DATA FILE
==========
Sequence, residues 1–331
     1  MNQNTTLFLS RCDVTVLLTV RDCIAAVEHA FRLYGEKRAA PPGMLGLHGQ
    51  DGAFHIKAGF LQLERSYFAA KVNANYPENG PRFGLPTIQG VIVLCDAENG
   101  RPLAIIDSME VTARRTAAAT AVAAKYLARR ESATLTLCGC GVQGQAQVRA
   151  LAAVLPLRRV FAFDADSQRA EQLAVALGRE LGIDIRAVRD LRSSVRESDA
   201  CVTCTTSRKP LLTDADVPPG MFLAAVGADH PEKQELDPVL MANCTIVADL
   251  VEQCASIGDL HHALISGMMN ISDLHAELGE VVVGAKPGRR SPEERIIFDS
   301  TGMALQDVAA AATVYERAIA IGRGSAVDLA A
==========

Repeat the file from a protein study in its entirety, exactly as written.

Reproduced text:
Sequence, residues 1–331
     1  MNQNTTLFLS RCDVTVLLTV RDCIAAVEHA FRLYGEKRAA PPGMLGLHGQ
    51  DGAFHIKAGF LQLERSYFAA KVNANYPENG PRFGLPTIQG VIVLCDAENG
   101  RPLAIIDSME VTARRTAAAT AVAAKYLARR ESATLTLCGC GVQGQAQVRA
   151  LAAVLPLRRV FAFDADSQRA EQLAVALGRE LGIDIRAVRD LRSSVRESDA
   201  CVTCTTSRKP LLTDADVPPG MFLAAVGADH PEKQELDPVL MANCTIVADL
   251  VEQCASIGDL HHALISGMMN ISDLHAELGE VVVGAKPGRR SPEERIIFDS
   301  TGMALQDVAA AATVYERAIA IGRGSAVDLA A